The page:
N v N (Ancillary Relief)

JurisdictionEngland & Wales
CourtFamily Division
Judgment Date28 April 2010
Neutral Citation[2010] EWHC 717 (Fam)
Docket NumberCase No: MS07D00596
Date28 April 2010

[2010] EWHC 717 (Fam)



Before: Mr Justice Charles

Case No: MS07D00596


Nicholas Mostyn QC and David Burles (instructed by Hughes Paddison) for the Applicant

James turner QC (instructed by Charles Russell LLP) for the Respondent

Hearing dates: 1 to 4 February 2010

Draft circulated 11 March 2010

Charles J :



For convenience I shall refer to the Applicant as the wife (who is 54) and the Respondent as the husband (who is 55). This is the wife's application for ancillary relief. The parties met in June 1978 and married in October 1978. They formally separated in May 2007, having decided between themselves earlier in 2007 that they would separate. They have four children, three boys and a girl. The oldest, a boy (N), is now 27 and the youngest, also a boy, is aged 21. N lives in New York and hopes to remain there. He is engaged to be married. The younger three children are all involved in tertiary education and are living in England.


The parties met in Buenos Aires (the city of the wife's birth). The wife was then 22 and the husband was 23. The wife was taking a five-year degree in social science, which she gave up to marry, and the husband was in the middle of a PhD course at Stanford University, California. Their wedding reception was held at a house (S Hall) where the husband's maternal grandmother then lived. It is a very large Queen Anne house, set within the walls of a three and a half acre garden and surrounded by fields, parkland and woodland. It is a property that has been in the husband's family for some time. It replaced an earlier property where members of his family had lived for many years. It is now owned by a company (the “Company” or “REC”) and is subject to a 50 year lease granted to the husband in 1987.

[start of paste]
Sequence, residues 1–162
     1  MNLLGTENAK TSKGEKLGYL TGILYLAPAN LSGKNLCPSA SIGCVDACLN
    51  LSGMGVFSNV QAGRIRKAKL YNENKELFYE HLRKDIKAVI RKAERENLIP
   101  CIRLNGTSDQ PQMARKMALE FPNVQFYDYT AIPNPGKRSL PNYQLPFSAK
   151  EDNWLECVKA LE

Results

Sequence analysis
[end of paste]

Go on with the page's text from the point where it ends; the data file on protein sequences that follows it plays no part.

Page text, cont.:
After their marriage the parties lived in California whilst the husband completed his PhD. They lived in graduate student housing. The husband had a stipend from the University and a small dividend income from the Company. The wife took up some odd jobs to supplement their small income. Whilst continuing his course the husband got a part-time job at a software company in Silicon Valley (DT Ltd) and in 1981 he moved to England to start up its European Distribution. He was based in Cheshire. With the benefit of a loan from the Company of about £20,000 and a mortgage, the parties bought their first home, in Cheshire. It was a semi-detached Edwardian house, in need of repair.


In 1984, DT Ltd opened an office in Isleworth and the parties moved to London. They sold their home in Cheshire and bought a home in Balham, again with the benefit of a loan from the Company and a mortgage. In 1986 they moved to a slightly bigger house, in Clapham. The eldest three children were born in 1980, 1984 and 1986, and the youngest was born in 1988. Both of their homes in the London area needed work doing to them. The wife took the main responsibility for the day-to-day supervision of that work and did much of the more manageable work herself (e.g. decorating and tiling). She did this at the same time as having and looking after their young family. The husband was working long hours for DT Ltd, in which he acquired some shares.


In 1987, the parties sold their home in Clapham and moved to S Hall. The husband was granted his 50 year lease, and the net proceeds of the home in Clapham were largely spent on decorating and other work at S Hall, which became the matrimonial home of the family.


In early 1989, the husband's grandmother gave the vast majority of the chattels at S Hall to the husband. She died in 1990. At that time the husband's salary was £55,000 per annum from DT Ltd, the oldest child had just gone to prep school and the intention was that all four children would be privately educated. This is what happened.


In 1991, the husband ceased working for DT Ltd. This event, and the background to it, was a disappointment to both the husband and the wife and put an end to what the wife described as a dream to create a Silicon Valley type success. DT Ltd was sold the next year and the husband received about £150,000 net for his shares which, as he pointed out, enabled him to pay a lot of school fees.


After a short spell working as a consultant, in 1992 the husband's career took a change in direction, in that he moved to work in the Banking sector, where he found his niche in the sphere of financial market's technology. His earlier working life had given him expertise that was relevant to this area of technology.